The Neuroscience Of Love

Love. It’s such a pretty little word and gets associated with a lot of confusing meanings. What is “to love someone” or “falling in love” in the end, if you boil it down, it’s chemical reactions in your brain.

Sadly, people don’t see it that way, they view love as something magical altough it isn’t, and in this article you will see why.

Let’s Break Some Illusions About Love

Love is one of the most powerful human emotion that we have and it’s also the one that is barely understood by people.

The need to understand what love is led “What is love” to be the most searched phrase on Google in 2012. Psychologists define it as a state that’s different from familial or friendship love with the desire to enter or maintain a close relationship with a specific other person.

Love is known to have a variety of effects on the body that lead to feelings of euphoria, craving, obsession, and even personality changes.

What Is Love?

“The thing called love is a chemical reaction in your brain that compels you to breed.”

Love is there to help fuel reproduction, to help us psychologically by connecting with others. It is distinct, yet related to lust and attachment.

Love hits on areas involved in attachment and lust, as well as those connected to reward processing and learning.

When you are falling in love, chemicals associated with the reward center flood your brain, producing a variety of physical and emotional responses, a racing heart, sweaty palms, feelings of passion and anxiety.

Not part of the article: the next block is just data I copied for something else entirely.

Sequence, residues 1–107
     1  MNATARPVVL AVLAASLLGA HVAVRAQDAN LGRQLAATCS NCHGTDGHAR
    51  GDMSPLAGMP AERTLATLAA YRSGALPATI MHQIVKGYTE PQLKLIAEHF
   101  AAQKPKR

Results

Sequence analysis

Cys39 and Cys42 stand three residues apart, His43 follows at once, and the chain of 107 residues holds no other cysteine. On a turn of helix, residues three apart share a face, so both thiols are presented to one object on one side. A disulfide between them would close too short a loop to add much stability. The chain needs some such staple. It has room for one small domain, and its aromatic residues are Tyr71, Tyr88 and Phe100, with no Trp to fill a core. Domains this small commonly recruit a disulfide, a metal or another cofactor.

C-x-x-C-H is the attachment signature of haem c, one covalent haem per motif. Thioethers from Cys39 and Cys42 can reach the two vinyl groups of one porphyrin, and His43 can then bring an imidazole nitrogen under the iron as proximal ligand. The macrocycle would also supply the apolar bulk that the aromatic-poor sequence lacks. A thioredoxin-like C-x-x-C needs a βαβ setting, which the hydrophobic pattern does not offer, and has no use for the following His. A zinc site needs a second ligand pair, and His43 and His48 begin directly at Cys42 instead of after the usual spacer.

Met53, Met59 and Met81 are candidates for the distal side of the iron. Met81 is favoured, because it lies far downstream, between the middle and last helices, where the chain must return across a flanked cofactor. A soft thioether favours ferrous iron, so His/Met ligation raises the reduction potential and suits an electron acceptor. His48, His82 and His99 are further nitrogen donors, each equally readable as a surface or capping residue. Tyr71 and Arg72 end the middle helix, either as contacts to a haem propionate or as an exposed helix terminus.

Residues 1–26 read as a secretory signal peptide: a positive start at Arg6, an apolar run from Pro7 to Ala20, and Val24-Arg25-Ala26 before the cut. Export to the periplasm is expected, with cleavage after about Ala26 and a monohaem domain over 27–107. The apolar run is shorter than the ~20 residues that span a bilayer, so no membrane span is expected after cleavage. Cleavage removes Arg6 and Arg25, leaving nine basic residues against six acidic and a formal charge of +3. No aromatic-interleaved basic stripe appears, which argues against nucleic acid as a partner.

Furthermore, levels of the stress hormone cortisol increase during the beginning phase of love, ordering your body to deal with the internal crisis.

As those cortisol levels rise, levels of the neurotransmitter serotonin get lower and eventually get depleted.

Other chemicals that are active during love are oxytocin and vasopressin.

They are being released during sex and heightened by skin-to-skin contact, oxytocin deepens feelings of attachment and makes people feel closer to one another after having sex.

It is also known as the love hormone that provokes feelings of contentment, calmness, and security.

Vasopressin is linked to behavior that produces long-term, monogamous relationships.

Oxytocin also has a downside. While affecting positive behaviors of trust and bonding, it also affects behaviors like suspicion, jealousy, and envy.

Which means that oxytocin triggers and amplifies social feelings of all types, and not just the positive ones.

When you are in love, the part responsible for critical thinking and making critical judgements of the person who you are in love with shuts down.

Your brain gets flooded by dopamine which makes you feel excited and elevated, increase in oxytocin and vasopressin induce bonding behavior while a decrease in amygdala activity makes you feel even better and makes you trust your partner.

While all this is happening, a decrease in activity in the prefrontal cortex makes you dismiss and overlook the flaws of your partner which in turn makes you willing to do anything for the relationship.

What else is love?

Love = blindness

What I mean by Love = Blindness is that the prefrontal cortex gets thrown overboard when you are in love.

This happens as I mentioned due to a decrease in activity in this particular area.